United Nations Postage Stamps – Part 1
UN Dove & Globe, 1964
UN Peace Keeping Force in Cyprus, 1965
ITU 1865–1965: From Semaphore to Satellite
UN New International Economic Order, 1980
UN Logo Flower, 1964
UN People Groups, 1976
UN Peace Dove & Rainbow
UNDRO (United Nations Disaster Relief Organization) Against Disaster, 1978
Economic Commission for Europe, 1959
UN Logo Wreath, 1976
[ All images © ]
The United Nations Postal Administration (UNPA) is the official postal agency of the UN. Stamps are simultaneously issued from the three UN offices (New York, Geneva and Vienna) in three different currencies respectively. I have learned the UNPA issued its first stamps for the New York offices in 1951. The idea for UN issued stamps originated in 1947 with then Argentine ambassador and president of the United Nations General Assembly, José Arce (1881–1968), who was himself a philatelist.
Excerpts from the 1968 book by Emery Kelen, Stamps Tell The Story of The United Nations:
The United Nations is the only international body which issues its own postage stamps. This has always been the prerogative of national governments. The authority to issue stamps, recognized and accepted by all member states, carries with it an inherent obligation to “tell the story” of the United Nations and its activities.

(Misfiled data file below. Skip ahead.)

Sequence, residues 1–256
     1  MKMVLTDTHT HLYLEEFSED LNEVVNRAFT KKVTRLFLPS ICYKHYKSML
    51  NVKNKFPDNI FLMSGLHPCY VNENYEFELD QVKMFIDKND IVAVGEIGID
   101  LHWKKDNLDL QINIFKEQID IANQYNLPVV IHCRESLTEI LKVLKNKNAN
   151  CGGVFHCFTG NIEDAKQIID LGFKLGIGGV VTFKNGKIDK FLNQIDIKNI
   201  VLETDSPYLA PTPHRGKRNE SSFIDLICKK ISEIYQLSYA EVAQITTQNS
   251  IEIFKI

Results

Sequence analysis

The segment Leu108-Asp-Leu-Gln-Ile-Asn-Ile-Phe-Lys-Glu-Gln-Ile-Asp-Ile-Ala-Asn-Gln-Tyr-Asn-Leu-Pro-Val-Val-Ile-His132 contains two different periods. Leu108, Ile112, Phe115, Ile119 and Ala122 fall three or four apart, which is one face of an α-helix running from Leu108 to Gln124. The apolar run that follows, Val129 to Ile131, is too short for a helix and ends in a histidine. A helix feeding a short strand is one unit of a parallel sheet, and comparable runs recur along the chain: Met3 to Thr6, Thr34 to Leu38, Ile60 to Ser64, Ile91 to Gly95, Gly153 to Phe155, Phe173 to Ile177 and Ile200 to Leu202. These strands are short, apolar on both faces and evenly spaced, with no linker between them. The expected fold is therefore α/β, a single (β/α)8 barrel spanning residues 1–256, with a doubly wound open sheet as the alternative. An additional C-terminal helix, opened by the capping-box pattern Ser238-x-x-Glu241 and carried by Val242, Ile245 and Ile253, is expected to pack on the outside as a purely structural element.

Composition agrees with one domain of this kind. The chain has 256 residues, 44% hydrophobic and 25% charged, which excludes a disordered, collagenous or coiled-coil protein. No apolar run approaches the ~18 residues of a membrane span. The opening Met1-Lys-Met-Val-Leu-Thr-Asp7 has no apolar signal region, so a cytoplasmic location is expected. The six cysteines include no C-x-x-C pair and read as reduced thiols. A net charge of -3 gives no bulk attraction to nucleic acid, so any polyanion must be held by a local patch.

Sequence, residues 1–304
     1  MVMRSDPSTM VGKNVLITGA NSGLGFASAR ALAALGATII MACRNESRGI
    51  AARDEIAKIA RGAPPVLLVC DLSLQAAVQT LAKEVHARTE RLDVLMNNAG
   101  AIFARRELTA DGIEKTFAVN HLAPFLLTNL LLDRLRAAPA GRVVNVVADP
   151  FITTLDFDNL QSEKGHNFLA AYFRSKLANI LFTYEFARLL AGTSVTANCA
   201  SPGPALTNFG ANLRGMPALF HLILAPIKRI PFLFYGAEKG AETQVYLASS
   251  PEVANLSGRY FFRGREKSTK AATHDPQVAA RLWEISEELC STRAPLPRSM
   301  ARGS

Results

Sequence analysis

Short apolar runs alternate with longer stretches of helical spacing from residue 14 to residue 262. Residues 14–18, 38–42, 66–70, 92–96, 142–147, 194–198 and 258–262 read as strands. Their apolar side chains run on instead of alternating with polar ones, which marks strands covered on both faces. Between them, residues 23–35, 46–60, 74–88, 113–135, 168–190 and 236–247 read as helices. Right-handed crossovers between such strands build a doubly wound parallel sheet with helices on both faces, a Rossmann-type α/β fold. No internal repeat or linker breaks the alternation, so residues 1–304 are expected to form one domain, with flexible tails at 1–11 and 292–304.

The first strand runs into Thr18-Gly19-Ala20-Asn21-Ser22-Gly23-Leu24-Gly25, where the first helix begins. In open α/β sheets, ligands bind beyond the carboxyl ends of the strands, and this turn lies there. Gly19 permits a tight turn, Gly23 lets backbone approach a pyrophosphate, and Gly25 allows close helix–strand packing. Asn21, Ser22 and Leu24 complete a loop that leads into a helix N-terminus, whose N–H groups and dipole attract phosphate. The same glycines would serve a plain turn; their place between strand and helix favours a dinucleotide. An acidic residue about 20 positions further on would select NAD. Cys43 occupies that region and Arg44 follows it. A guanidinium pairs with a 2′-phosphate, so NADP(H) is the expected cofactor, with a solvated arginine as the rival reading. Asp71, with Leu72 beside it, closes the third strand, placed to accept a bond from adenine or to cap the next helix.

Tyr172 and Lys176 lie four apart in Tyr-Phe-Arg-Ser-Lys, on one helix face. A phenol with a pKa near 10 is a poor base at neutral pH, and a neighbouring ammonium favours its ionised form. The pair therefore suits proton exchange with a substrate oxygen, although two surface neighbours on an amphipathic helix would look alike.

Because the UN is an international organization, its stamp must bear symbols that will be recognized universally. Besides the beauty of the design, the UN Design Committee must consider the political implications of any symbolism used. Naturally none of them can stand for anything contrary to the standards and principles of the United Nations, nor can they represent any one culture, religion, or race.
It was the Design Committee’s suggestion that the official five languages—Chinese, English, French, Russian, and Spanish—should be used on as many of the stamps as possible. This was the origin of the “five-language border” which has become characteristic of UN stamps.
–via Rare Stamp Store
The stamps you see above are a small portion of the UN postage stamp windfall I experienced recently. More stamps here, here, and here. So many found their way to me all at once. I was fast taken with many of the vintage stamps’ bold graphic styling and modernist aesthetic. A large number in my possession are New York issues but I also have multiples from Geneva and Vienna as well.
Since my acquisition I have been methodically scanning and organizing the collection and spending an extensive amount of time researching—seeking to discover any information I can dig up about the individual stamps. The latter has proved to be an unsatisfying task to date. There are websites dedicated to the topic of United Nations stamps but not enough of the stamps match my collection and one site in particular is frankly a nightmare to navigate and locate much of anything. This has only spurred me on. I have found dates for many of my stamps but have only found one designer identified up to now which bugs me as I’d like to know who to credit for these beauties. I certainly hope to find more information later in printed publications or otherwise and will update this post accordingly if I do. If you happen to have any information yourself, I’d love to hear from you.
World Forum Philatelist – UN Specialists
(Originally published on AQ-V in 2011)